An Invitation from Jack’s Dad

January 26, 2022 By Al Freedman

When our happy and seemingly healthy 6-month-old baby was diagnosed with an incurable rare disease called Spinal Muscular Atrophy (SMA), we were shocked. For two weeks following baby Jack’s diagnosis, doctors and nurses taught us about feeding tubes, wheelchairs, ventilators, suction machines, CPR for infants, DNR (do not resuscitate) orders, and many other things no parent should ever have to learn. 

Baby Jack was given a year to live. This was the reality of SMA. Our family was devastated.

I didn’t know what to do. It didn’t seem like I could do much to help baby Jack, so I turned my attention toward helping CureSMA, the organization that supports families like mine.

I’ll always remember the first conversation I had with the Executive Director of the organization, who was also the parent of a child with SMA.

“Audrey, I’d like to do anything I can to help you and the organization, what do you need?” 

I’ll always remember Audrey’s reply.

“Someone told me we should have a website. Do you know what a website is?”

The year was 1995.

Four months later, I attended my first CureSMA conference and presented the organization with their new, five-page website.

Three years later, I reminded myself that I was trained as a psychologist, not a web designer, so I offered to help CureSMA in other ways.

And Jack didn’t seem to be cooperating with the doctor’s prognosis for him. He kept on living. 

Over the past twenty years, I’ve facilitated dozens of workshops and groups in support of our SMA-affected families and presented at many conferences on the experience of parenting a child affected by a rare disease. I’ve trained and consulted with professionals who provide health care services, and more recently, pharmaceutical company staff and executives who provide newly approved treatments to our SMA-affected family members.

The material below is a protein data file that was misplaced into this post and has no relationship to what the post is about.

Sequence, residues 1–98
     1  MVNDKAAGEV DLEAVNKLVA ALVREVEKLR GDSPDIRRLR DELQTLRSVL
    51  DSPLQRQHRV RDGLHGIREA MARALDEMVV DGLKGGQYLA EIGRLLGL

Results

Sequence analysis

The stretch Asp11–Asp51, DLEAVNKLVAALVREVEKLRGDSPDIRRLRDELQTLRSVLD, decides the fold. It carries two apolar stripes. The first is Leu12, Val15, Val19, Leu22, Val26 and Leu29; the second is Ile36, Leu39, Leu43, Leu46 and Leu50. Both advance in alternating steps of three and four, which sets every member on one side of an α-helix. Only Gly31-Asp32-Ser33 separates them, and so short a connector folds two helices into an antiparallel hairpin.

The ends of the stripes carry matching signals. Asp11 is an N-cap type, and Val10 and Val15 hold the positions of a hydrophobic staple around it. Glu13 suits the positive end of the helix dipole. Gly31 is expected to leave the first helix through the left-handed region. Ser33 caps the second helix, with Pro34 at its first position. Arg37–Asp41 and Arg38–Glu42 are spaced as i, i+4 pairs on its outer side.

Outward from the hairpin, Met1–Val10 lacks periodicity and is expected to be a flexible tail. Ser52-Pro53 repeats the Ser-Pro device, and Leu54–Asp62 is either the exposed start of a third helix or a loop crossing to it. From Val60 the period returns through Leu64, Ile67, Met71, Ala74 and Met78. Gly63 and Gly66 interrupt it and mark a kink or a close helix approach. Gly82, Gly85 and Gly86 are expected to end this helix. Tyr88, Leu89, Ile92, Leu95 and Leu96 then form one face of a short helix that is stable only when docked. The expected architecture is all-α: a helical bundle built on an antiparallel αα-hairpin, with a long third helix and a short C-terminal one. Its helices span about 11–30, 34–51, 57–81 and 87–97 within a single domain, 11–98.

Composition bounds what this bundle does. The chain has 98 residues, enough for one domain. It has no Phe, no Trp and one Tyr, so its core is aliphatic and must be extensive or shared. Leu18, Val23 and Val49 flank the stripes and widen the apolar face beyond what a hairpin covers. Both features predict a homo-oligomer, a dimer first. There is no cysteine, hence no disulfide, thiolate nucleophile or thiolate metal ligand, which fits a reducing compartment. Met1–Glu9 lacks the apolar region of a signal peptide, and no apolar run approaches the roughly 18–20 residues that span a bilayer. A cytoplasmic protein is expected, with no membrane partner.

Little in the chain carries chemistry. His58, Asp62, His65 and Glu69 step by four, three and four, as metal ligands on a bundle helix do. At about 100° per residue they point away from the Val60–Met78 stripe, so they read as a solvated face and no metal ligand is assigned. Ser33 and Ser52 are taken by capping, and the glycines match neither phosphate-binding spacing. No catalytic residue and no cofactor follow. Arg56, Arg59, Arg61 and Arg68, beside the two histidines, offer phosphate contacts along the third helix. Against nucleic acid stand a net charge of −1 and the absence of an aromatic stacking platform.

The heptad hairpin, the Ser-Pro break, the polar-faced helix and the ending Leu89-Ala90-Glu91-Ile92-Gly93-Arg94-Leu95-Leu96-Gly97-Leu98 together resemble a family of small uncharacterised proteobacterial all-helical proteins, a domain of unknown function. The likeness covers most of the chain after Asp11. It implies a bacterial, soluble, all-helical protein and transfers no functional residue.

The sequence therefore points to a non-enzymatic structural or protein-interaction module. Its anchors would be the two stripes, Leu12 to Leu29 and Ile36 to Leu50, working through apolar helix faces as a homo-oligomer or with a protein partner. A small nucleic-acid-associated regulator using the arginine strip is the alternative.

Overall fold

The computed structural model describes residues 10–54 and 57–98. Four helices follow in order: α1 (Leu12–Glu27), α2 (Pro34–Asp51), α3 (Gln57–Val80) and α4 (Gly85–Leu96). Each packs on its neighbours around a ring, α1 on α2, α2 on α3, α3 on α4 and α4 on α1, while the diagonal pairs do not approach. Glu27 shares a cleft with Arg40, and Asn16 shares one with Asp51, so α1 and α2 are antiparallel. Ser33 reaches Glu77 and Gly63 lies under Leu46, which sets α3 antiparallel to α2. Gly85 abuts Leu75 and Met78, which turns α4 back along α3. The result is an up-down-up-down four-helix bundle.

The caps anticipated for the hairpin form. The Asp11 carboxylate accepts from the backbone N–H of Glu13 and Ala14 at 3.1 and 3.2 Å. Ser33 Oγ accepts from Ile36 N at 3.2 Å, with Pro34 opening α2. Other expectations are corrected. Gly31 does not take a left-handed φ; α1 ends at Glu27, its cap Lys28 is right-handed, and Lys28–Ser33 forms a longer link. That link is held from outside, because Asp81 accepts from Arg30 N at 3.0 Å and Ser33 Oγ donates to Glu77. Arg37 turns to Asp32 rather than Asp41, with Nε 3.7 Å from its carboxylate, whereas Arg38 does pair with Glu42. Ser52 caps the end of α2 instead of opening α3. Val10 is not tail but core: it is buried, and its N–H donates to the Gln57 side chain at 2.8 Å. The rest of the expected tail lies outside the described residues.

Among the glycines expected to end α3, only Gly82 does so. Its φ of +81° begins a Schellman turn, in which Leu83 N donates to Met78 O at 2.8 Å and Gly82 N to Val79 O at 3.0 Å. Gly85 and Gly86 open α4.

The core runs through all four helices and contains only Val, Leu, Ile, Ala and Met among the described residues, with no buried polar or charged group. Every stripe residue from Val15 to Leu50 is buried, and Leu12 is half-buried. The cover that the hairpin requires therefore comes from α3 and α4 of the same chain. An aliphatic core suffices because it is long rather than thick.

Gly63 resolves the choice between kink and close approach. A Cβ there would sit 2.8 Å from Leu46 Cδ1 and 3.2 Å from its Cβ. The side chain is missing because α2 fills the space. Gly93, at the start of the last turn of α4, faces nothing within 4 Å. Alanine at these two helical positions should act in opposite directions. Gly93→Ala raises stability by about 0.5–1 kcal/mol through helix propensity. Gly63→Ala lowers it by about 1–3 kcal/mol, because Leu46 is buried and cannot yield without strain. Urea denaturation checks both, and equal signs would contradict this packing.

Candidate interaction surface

Occasionally, my son, Jack, would pitch in to help by accompanying me to a meeting or conference. His presence always made my work better. Everyone whose paths we crossed encouraged us and cheered Jack on.

Fast forward to 2019. I had the good fortune to meet the team at Novartis Gene Therapies at our CureSMA conference in Anaheim, CA. A few months later, at another event, members of the team attended one of my presentations in Boston.

“I think we have a job for Jack,” I was told.

A job for Jack? How wonderful it was to hear that. For twenty years, all the jobs had been for Dr. Al — because of Jack — but not for Jack himself. Novartis Gene Therapies had sponsored a video game specifically for children affected by SMA. Gene therapy for SMA? We’ve certainly come a long way since that first website.

I helped Jack to meet by Zoom with the good folks at Numinous Games. They took the time to get to know Jack. They asked him lots of questions about his life, his interests, and especially the unusual Eyegaze technology he used to access his computer. Jack was thrilled to have the attention of a team so genuinely interested in how he accessed his computer. Ryan, Mike and Amy took the time to connect with the developers of Eyegaze technology so they could design the game to work with any level of access needs for our SMA community.  They even spent time helping Jack with some of the challenges he faced with other video games.

Ryan, Amy, and Mike became Jack’s friends. They cared. And they knew how to help.

The Numinous team met with Jack weekly. They watched him use his computer to play games, and asked Jack to show them games he could not play so they could learn about the common obstacles Jack encountered and the reasons for them. Everything they did to help him engage with the video games he loved would translate into a better gaming experience for other kids like Jack, in the game they were designing specifically for kids with SMA.